İstanbul -BIA News Desk
19 March 2013, Tuesday
Mehmet Ali Pekgüzel, one of the prosecutors investigating the 2007 military plot allegations to overthrow Prime Minister Tayyip Erdogan's government, said they summed up their case - a 2,271 page long document that claimed the existence of"Ergenekon terrorist group", an alleged underground network of secular arch-nationalists.
Istanbul 13th High Criminal Court held its 281th hearing on Ergenekon case yesterday in Silivri where prosecutor Pekgüzel summerizing their case on 275 defendants in 5 hours.
Prosectors charged life sentence for 64 suspects for plotting to overthrow AKP government in 2007. The defendants include academics, politicians and journalists, as well as former army officers.
The list of defendants charged with life sentence was as follows: İlker Başbuğ (ex-military chief), Doğu Perinçek (Labor Party Chair), Tuncay Özkan (journalist), Mustafa Balbay and Mehmet Haberal (deputy), Hasan Iğsız, Hıfzı Çubuklu, Hurşit Tolon,İsmail Hakkı Pekin, Dursun Çiçek, Hasan Atilla, Uğur, Sedat Özüer and Şener Eruygur (retired army officers), Erol Manisalı, Fatih Hilmioğlu, Kemal Gürüz and Kemal Alemdaroğlu (academicians), Kemal Kerinçsiz (lawyer), Levent Ersöz and Ferit Ilsever.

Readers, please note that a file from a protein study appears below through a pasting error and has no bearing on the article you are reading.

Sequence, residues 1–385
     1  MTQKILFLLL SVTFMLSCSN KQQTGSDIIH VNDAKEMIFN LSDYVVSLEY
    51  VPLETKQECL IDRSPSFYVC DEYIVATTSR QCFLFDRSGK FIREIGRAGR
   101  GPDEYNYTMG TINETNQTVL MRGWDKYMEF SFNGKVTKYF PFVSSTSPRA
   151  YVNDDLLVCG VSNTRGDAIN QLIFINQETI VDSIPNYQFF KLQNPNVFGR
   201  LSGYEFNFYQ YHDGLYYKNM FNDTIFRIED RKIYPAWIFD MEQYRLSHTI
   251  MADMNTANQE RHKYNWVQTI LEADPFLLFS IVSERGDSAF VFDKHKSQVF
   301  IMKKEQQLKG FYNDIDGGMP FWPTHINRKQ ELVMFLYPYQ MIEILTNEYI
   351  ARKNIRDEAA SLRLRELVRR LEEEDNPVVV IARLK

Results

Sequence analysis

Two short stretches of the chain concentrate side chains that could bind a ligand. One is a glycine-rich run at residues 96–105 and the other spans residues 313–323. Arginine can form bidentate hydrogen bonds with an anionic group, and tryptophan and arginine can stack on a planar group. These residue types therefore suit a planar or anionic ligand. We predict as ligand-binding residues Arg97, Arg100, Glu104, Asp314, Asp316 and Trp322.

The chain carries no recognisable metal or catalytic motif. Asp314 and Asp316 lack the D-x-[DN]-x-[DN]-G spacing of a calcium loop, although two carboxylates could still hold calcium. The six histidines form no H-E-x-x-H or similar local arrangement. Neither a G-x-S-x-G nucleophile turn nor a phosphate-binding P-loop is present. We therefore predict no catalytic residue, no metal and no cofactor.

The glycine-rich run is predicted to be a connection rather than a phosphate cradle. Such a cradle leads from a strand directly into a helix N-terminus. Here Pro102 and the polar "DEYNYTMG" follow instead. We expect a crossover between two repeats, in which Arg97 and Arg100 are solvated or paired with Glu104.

Prosecutors charged retired general Veli Küçük with ousting the government, murder order and attempted murder of 4 individuals, seeking life sentence for different six cases.
Prosecutors charged 96 defendants including Sedat Peker, Semih Tufan Gülaltay, Mehmet Bora Perinçek, Ali Yasak, Emin Şirin, Güler Kömürcü Öztürk and Tanju Güvendiren with being an "Ergenekon terrorist organization member", seeking life sentence from 7.5 to 15 years.
Prosecutors also demanded the case of 5 fugitive suspects - including ex-mayorBedrettin Dalan ve deputy Turan Çömez - to be held seperately. They also dropped charges for journalist İlhan Selçuk, who died in 2010.
The court denied prosecutors' arrest warrant for 20 suspects and rescheduled the trial to April 8. (AS/BM)
And despite these gross violations of human rights, Turkey is given the full support of the European Parliament and its officials in charge of monitoring the accession process. This is an unmitigated travesty!
The United States is also ignoring lawlessness in Turkey as Turkey becomes a land of repression.
The Atatürk Societies of UK and USA
1. Turkish Constitutional Court Documents. (Ankara) May 27, 2011;
2. “Ergenekon – Between Fact or Fantasy”, Gareth H. Jenkins, Silk Road Papers, August 2009
3. Ergenekon, Sledgehammer, and the politics of Turkish Justice: Conspiracies and Coincidences, Gareth H. Jenkins, Meria Journal, Volume 15, Number 2, June 2011
4. Haliç te Yaşayan Simonlar, Hanefi Avcı, Angora Yayınevi, 2010
5. Anayasa Mahkemesi Kararı, Resmi Gazete, Sayı 27034, 24 November 2008
6. İstanbul- BIA News Desk
19 March 2013, Tuesday
© Atatürk Society of UK (ASUK) and the Atatürk Society of America (ASA).